This note was originally published
at 8am on March 25, 2015 for Hedgeye subscribers.
“Why get better when you can simply get bigger?”
I could go a lot of different ways with that quote, but I’ll stick to Global Macro this morning and go with the wood – America as the world’s superpower!
The aforementioned quote is another beauty from chapter 4, “Enter the Accidental Superpower” (pg 72) where Zeihan reminds us of simple, but very relevant, investment facts:
“From the Louisiana Purchase onward, the Americans have boasted the world’s most capital rich geography… It is the world’s largest agricultural, technological, financial, and based on how you collate the data, industrial power – and has been those things for fifteen decades.”
So why didn’t you think of getting yourself some bigger moneys under management for 0% down and buy some big time American brands like Kraft Foods, for $40 billion US Dollars this morning? Buffett says bigger is better, baby!
Back to the Global Macro Grind…
Maybe I won’t tell you to double down on a broken Old Wall Banker of America (BAC), but I can get you all bulled up on what is made in America and working, big time, in 2015 YTD – Housing and Treasuries!
Long-term Treasuries, that is…
It’s been hard enough to find some sunshine on my face during this Northeastern winter – and God knows this game is hard enough as it is, but on those two longer-term investment fronts, it was a damn good day in the USA yesterday:
- US Home Construction ETF (ITB) was +1.2% to +8.0% YTD
- Long-term Treasury Bonds (TLT) were +1.0% to +5.6% YTD
And that, my “folks” and friends, was fundamentally driven!
- US New Home Sales for FEB smoked the shorts at 539,000 (vs. the 465,000 consensus “estimate”)
- Consumer Price Inflation (CPI) came in at -0.03% year-over-year (despite Oil priced +7-8% higher in FEB vs March)
Does the bullish theme get bigger and better? Sure, why not:
- HOUSING: post the most snow in Boston since 1872, we’re calling for that to thaw this Spring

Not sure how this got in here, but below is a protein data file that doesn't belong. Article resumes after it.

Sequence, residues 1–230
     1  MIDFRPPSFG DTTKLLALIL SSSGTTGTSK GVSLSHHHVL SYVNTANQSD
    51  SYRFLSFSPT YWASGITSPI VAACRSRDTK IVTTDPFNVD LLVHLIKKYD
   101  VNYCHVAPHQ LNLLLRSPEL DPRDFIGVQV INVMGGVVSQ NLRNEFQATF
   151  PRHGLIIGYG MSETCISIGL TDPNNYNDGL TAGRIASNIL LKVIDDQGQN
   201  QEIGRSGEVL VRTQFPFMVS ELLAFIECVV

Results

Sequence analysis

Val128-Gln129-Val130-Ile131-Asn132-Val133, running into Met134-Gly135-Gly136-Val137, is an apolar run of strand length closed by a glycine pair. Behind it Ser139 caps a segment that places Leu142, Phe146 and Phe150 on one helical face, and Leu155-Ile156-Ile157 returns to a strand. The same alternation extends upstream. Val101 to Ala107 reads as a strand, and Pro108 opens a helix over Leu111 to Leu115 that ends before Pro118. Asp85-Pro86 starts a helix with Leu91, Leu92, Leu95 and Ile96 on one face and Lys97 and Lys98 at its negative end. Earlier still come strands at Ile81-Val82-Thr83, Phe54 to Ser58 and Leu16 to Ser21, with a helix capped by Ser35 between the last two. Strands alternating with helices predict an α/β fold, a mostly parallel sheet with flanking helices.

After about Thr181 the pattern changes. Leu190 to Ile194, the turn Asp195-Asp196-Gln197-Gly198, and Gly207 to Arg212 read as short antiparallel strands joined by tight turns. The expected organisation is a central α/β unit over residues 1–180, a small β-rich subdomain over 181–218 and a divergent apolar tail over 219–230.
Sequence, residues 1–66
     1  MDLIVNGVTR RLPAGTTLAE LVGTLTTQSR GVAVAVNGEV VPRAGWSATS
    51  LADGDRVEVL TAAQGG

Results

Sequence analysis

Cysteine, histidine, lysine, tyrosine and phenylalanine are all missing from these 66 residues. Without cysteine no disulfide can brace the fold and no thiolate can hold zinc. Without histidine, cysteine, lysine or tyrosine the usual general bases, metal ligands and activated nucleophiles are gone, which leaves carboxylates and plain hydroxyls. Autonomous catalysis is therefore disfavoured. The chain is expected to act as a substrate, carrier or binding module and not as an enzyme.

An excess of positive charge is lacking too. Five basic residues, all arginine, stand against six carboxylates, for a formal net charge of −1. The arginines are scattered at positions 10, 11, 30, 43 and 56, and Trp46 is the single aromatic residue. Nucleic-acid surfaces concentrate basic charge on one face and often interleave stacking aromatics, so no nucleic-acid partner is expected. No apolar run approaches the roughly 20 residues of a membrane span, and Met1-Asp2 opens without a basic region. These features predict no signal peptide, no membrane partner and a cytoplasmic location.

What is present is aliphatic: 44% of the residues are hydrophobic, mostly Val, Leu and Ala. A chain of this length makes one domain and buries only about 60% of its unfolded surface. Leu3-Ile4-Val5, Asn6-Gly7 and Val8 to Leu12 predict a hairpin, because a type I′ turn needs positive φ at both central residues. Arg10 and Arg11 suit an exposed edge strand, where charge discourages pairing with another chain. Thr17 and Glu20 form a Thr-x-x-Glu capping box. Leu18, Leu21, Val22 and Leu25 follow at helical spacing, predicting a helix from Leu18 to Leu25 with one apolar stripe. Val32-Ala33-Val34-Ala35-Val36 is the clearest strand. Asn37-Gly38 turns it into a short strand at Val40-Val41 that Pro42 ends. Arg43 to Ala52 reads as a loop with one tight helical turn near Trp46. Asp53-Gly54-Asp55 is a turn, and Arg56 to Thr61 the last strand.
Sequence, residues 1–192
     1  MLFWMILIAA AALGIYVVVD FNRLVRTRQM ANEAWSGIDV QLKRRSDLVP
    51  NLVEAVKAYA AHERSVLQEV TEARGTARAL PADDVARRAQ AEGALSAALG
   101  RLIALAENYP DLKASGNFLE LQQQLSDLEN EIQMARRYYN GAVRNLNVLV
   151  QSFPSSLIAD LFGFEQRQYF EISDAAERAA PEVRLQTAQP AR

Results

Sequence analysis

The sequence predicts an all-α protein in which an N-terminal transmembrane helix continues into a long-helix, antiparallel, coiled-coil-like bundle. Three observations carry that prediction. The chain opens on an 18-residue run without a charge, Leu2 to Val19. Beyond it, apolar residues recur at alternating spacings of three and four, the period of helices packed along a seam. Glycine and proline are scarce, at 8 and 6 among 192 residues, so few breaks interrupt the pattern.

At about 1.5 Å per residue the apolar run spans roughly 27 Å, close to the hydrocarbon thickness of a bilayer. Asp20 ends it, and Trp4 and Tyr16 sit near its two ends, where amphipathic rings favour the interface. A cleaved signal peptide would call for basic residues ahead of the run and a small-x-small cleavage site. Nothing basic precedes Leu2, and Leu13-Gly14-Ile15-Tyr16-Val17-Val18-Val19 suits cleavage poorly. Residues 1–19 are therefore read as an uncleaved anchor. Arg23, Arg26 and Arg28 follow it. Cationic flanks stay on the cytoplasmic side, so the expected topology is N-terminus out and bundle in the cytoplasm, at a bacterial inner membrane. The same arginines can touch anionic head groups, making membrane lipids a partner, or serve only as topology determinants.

- RATES: lower-for-longer will remain firmly intact when the March #deflations are reported in April
I know, I know. These are some big calls based on some serious outdoor channel checks. That’s what makes us Canadians who do American macro sound so darn “smart.” #LiveQuotesAndWeather
Oh, and it gets better for the many, even though this is going to start getting painful (again) for the few.
The few that still think they should be overweight levered US Energy and Bank stocks, that is. The rest of us can sip on some all-time highs in American-made growth stocks like Starbucks (SBUX), which is +19.3% YTD, in the meantime.
Yeah, I can get as bullish as the next guy, right before I get run-over. How about you? I love hearing guys talk up their mojo when everything is working for them inasmuch as I enjoy the sweet-sound of spring #crickets, when it is not.
What wasn’t working in America yesterday?
- The poor bastard who is long the Ultra Short 20yr Treasury (TBT) is down -12.1% YTD
- Financial Stocks (XLF) were down more than the “market” (again) yesterday, -0.8% to -1.5% YTD
- Energy Stocks (XLE) were down another -0.7% yesterday to -3.8% YTD
“Poor bastard”? Oh yeah, in coming-to-America-man-with-no-money-terms, I’ve been one of those. Why do you think I have to get up every blessed day at 4:02AM? Being wrong in this business is easier than sleeping in.
America is not a poor country. And now the moneys are falling from centrally-planned-heavens for free. While I can’t reconcile why Swiss 10yr moneys cost -0.12%, why do I need to? Everybody should buy everybody now that global growth is slowing!
As you can see in the Chart of The Day, one of the great leading indicators that your un-elected Federal Reserve refuses to put on their navel gazing “dashboard” is called the Yield Spread. Leading indicator for the rate of change in US growth, that is…
While we remain bullish on #Quad1 for Q1 of 2015 (our year-over-year GDP forecast is higher than Wall Street’s), we were lower on Q4 and we’re forecasting slower in Q2 and Q3.
With the 10s/2s Yield Spread down to +129 basis points wide this morning, you’ll note that puts it right around its YTD lows (and the Q1 2012 lows). Oh, and Q2 starts 1 week from today – March turning into April is another big time macro call I’m definitely going to make!
Our immediate-term Global Macro Risk Ranges are now:
UST 10yr Yield 1.82-1.99%
Oil (WTI) 42.35-48.31
Best of luck out there today,
Keith R. McCullough
Chief Executive Officer